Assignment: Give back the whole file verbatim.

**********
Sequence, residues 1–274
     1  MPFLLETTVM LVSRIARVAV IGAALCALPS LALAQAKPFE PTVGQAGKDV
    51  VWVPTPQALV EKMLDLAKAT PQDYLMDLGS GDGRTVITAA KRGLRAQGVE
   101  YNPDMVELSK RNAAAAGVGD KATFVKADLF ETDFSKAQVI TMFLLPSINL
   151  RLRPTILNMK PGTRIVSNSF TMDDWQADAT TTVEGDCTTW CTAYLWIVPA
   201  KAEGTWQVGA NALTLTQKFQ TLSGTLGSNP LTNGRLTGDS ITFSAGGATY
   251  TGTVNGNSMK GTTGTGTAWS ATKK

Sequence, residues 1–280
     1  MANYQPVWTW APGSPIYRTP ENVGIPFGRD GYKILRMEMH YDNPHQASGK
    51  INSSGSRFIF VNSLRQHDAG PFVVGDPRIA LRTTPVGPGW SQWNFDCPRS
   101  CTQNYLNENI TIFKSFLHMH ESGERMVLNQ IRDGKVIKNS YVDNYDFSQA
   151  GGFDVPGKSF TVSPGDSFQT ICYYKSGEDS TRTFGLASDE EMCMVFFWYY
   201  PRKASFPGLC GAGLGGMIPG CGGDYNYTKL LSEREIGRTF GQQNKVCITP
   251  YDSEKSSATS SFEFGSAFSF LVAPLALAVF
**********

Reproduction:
Sequence, residues 1–274
     1  MPFLLETTVM LVSRIARVAV IGAALCALPS LALAQAKPFE PTVGQAGKDV
    51  VWVPTPQALV EKMLDLAKAT PQDYLMDLGS GDGRTVITAA KRGLRAQGVE
   101  YNPDMVELSK RNAAAAGVGD KATFVKADLF ETDFSKAQVI TMFLLPSINL
   151  RLRPTILNMK PGTRIVSNSF TMDDWQADAT TTVEGDCTTW CTAYLWIVPA
   201  KAEGTWQVGA NALTLTQKFQ TLSGTLGSNP LTNGRLTGDS ITFSAGGATY
   251  TGTVNGNSMK GTTGTGTAWS ATKK

Sequence, residues 1–280
     1  MANYQPVWTW APGSPIYRTP ENVGIPFGRD GYKILRMEMH YDNPHQASGK
    51  INSSGSRFIF VNSLRQHDAG PFVVGDPRIA LRTTPVGPGW SQWNFDCPRS
   101  CTQNYLNENI TIFKSFLHMH ESGERMVLNQ IRDGKVIKNS YVDNYDFSQA
   151  GGFDVPGKSF TVSPGDSFQT ICYYKSGEDS TRTFGLASDE EMCMVFFWYY
   201  PRKASFPGLC GAGLGGMIPG CGGDYNYTKL LSEREIGRTF GQQNKVCITP
   251  YDSEKSSATS SFEFGSAFSF LVAPLALAVF